Being tall and obese may increase your risk for potentially dangerous blood clots, according to research in Arteriosclerosis, Thrombosis, and Vascular Biology: Journal of the American Heart Association.
Obesity is a well-known risk factor for clots in deep veins (usually in the legs) and for pulmonary embolism, a clot in blood vessels of the lungs that can result in sudden death or strain on the heart. Together, the two conditions are called venous thromboembolism (VTE).
Compared with short (5 feet, 7.7 inches or less) and normal-weight men (body mass index < 25kg/m2), the age-adjusted risk of VTE was:
- 5.28 times higher in obese and tall men
- 2.57 times higher in normal-weight and tall men (at least 5 feet, 11.7 inches tall)
- 2.11 times higher in obese and short men
The amount of risk conferred by being both obese and tall was comparable to other known risk factors for VTE, including pregnancy, the use of oral contraceptives, and carrying one gene for an inherited predisposition to clotting called Factor V Leiden.
Compared with short (5 feet, 2.6 inches or less) normal-weight women, the age-adjusted risk of VTE was:
- 2.77 times higher in obese and tall women
- 1.83 times higher in obese and short women
- Not increased in normal-weight and tall women (more than 5 feet, 6 inches)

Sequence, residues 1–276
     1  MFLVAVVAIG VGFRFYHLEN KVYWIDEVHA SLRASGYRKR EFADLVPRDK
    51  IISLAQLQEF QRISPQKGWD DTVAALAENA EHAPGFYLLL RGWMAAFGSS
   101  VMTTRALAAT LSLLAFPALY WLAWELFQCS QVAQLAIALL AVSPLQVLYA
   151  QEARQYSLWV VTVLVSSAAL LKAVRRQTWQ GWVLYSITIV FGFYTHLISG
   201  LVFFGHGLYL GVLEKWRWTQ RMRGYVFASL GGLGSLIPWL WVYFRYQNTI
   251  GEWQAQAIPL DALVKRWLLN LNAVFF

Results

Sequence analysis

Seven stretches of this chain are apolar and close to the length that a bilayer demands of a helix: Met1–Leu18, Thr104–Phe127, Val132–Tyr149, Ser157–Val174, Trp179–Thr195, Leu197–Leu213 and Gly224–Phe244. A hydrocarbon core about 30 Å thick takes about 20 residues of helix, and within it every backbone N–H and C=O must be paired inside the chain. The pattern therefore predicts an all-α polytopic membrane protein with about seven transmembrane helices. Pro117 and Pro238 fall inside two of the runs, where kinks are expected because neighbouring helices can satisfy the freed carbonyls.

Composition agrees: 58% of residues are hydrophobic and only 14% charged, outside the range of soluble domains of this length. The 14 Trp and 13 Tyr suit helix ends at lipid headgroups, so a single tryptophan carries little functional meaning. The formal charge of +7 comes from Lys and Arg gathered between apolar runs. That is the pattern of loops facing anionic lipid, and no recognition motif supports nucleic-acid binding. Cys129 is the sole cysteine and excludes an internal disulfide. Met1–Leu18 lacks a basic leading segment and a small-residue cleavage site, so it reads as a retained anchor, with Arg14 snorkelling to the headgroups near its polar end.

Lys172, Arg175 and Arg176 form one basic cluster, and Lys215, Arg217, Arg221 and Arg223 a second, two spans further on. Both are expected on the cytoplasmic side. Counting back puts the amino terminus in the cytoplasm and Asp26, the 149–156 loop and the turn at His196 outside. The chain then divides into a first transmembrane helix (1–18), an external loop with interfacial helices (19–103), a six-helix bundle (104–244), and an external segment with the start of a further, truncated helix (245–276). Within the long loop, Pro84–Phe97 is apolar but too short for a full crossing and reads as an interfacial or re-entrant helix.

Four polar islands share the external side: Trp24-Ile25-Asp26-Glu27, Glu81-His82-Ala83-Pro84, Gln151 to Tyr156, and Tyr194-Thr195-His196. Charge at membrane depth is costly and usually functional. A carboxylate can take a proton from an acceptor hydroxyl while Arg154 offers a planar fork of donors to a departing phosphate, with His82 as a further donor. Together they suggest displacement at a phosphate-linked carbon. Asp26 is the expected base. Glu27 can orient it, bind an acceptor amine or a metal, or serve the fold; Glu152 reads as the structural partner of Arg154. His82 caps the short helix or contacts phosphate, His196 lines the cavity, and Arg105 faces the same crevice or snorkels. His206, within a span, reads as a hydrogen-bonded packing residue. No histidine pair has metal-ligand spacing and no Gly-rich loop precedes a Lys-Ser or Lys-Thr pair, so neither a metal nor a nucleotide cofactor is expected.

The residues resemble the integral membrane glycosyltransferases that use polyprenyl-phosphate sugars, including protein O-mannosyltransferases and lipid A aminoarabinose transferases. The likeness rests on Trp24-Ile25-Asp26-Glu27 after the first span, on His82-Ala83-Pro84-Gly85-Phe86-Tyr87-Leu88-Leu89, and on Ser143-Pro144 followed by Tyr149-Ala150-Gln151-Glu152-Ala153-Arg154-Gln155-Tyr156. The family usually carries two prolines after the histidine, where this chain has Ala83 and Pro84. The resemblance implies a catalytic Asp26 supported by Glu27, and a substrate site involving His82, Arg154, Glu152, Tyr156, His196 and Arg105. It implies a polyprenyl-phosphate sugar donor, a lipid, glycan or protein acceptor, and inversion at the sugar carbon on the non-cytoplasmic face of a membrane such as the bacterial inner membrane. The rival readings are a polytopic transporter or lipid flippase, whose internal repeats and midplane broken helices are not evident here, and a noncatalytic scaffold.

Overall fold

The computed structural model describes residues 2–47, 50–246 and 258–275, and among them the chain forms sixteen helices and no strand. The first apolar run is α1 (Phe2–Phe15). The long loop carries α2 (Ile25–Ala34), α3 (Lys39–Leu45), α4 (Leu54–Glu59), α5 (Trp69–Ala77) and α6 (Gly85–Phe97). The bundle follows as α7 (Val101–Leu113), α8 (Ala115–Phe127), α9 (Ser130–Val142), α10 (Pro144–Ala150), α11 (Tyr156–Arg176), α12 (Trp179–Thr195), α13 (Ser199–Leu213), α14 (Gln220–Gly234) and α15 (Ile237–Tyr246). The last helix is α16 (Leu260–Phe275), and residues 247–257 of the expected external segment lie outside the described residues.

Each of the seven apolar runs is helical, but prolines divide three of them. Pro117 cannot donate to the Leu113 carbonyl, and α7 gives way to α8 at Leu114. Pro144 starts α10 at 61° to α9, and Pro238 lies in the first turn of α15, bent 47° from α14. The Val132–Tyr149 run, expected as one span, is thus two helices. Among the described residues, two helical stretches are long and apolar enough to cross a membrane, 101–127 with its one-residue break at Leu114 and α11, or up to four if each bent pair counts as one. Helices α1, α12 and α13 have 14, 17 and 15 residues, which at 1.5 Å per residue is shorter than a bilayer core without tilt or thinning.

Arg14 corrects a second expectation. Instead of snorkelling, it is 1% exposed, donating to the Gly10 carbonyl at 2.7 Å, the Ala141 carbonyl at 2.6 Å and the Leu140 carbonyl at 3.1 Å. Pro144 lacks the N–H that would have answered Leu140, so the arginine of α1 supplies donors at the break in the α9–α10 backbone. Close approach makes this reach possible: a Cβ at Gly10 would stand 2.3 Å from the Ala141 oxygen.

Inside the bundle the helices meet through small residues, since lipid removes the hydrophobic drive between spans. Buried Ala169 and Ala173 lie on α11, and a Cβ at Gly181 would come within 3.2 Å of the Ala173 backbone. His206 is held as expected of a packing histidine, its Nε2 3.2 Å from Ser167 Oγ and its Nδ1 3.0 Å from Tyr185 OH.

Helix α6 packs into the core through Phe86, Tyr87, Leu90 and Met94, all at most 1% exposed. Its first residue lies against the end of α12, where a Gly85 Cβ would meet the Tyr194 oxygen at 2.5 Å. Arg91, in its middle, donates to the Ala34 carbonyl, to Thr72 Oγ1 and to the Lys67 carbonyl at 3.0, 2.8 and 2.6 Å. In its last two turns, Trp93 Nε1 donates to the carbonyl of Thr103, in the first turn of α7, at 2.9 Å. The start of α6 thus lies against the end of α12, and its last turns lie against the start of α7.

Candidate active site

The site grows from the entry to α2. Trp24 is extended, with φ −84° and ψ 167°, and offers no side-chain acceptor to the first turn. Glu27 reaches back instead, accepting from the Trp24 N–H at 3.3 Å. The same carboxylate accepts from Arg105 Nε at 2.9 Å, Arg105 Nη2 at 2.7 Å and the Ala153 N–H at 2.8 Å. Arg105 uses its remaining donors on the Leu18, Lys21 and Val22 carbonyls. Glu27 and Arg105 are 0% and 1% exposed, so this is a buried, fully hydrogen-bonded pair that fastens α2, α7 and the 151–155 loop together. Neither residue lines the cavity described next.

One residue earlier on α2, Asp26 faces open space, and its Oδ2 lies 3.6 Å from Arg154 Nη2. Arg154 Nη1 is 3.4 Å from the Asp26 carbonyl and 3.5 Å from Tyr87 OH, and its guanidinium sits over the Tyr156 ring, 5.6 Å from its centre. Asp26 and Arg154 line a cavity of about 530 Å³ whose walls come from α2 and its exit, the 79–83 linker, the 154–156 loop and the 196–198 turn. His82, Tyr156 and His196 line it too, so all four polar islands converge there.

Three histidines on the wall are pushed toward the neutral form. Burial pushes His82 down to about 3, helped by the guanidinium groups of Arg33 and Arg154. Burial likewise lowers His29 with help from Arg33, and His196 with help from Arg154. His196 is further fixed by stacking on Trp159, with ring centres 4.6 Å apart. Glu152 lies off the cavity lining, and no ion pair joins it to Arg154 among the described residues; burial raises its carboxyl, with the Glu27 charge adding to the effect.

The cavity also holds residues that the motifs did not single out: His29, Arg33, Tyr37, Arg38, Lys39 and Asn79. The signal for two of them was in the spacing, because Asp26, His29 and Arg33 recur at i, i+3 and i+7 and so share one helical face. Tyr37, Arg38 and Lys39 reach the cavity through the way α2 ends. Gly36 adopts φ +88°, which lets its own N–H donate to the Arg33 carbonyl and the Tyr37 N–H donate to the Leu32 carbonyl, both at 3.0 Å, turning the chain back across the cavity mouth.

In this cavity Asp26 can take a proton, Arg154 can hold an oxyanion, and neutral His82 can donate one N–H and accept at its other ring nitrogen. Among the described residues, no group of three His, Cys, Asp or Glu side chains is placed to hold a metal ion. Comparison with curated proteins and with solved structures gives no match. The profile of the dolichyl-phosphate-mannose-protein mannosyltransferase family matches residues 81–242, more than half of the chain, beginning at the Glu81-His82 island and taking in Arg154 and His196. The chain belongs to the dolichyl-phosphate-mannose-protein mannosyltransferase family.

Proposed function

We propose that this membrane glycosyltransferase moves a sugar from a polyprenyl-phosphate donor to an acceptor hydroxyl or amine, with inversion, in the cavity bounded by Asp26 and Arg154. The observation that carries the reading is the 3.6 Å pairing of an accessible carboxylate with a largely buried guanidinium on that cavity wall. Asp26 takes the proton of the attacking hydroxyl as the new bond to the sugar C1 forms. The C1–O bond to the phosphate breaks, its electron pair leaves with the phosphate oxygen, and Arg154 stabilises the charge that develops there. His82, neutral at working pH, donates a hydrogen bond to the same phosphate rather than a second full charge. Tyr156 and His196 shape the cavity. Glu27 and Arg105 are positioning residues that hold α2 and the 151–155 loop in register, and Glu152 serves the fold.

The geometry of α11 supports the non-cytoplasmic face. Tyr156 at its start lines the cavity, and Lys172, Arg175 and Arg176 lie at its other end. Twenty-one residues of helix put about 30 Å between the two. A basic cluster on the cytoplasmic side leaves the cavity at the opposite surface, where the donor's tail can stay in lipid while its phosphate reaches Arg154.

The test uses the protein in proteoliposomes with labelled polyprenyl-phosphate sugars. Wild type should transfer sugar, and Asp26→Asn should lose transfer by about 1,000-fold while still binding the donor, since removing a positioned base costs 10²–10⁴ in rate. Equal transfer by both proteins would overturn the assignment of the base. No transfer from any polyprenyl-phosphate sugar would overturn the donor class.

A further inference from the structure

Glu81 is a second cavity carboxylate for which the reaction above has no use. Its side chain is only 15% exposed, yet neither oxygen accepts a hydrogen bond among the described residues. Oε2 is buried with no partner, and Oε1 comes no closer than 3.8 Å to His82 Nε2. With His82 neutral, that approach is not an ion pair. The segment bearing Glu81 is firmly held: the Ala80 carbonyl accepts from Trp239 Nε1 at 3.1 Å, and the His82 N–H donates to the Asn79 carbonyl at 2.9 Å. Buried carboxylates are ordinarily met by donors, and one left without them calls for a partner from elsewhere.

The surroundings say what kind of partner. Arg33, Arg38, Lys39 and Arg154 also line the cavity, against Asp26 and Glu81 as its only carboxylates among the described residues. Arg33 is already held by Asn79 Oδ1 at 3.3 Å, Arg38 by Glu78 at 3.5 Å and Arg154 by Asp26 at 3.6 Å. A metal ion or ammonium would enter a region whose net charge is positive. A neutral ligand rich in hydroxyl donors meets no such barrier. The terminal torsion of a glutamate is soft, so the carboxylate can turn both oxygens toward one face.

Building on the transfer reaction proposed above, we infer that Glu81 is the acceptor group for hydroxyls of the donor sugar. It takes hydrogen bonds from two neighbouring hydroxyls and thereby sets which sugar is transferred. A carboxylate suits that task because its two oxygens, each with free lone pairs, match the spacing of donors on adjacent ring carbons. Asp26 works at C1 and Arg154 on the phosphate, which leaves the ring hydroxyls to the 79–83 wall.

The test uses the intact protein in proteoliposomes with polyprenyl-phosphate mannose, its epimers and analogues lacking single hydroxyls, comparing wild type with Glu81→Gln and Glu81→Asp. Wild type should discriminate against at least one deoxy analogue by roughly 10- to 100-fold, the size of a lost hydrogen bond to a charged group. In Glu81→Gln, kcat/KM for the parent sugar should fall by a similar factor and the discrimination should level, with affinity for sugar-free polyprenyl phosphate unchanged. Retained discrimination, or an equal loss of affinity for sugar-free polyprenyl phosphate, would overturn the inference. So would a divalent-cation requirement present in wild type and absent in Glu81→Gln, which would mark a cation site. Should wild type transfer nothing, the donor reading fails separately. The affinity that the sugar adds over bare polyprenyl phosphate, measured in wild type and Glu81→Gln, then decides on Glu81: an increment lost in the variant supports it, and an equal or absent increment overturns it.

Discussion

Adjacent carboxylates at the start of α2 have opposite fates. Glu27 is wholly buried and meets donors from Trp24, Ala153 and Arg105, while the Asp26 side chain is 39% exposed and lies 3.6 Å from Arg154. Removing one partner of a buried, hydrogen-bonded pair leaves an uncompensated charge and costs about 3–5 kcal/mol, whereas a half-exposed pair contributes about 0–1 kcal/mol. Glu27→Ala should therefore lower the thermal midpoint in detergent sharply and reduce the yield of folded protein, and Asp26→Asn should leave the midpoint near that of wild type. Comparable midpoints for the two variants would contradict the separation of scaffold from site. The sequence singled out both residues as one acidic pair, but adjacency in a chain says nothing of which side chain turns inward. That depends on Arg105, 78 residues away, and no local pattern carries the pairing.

“We believe that we observed the increased risk in tall and normal-weight men, but not women, because most women do not get sufficiently tall,” said Sigrid K. Braekkan, Ph.D., senior study author and a researcher in the Hematological Research Group at the University of Tromso in Norway. “The risk may be present in very tall women, but there were too few to investigate this properly.”
Researchers said more studies are needed to determine the mechanisms of the association between tall stature, excess weight, and the combination of the risk of VTEs. “In tall people, the blood must be pumped a longer distance by the calf-muscle pump, which may cause reduced flow in the legs and thereby raise the risk of clotting,” Braekkan said.
The researchers previously found a strikingly similar rise in clot risk along with height in American men, and believe that the height cut-offs would apply to Caucasian populations in other regions.
In the United States, more than 275,000 people each year are hospitalized with deep vein clots or pulmonary embolism, according to the American Heart Association.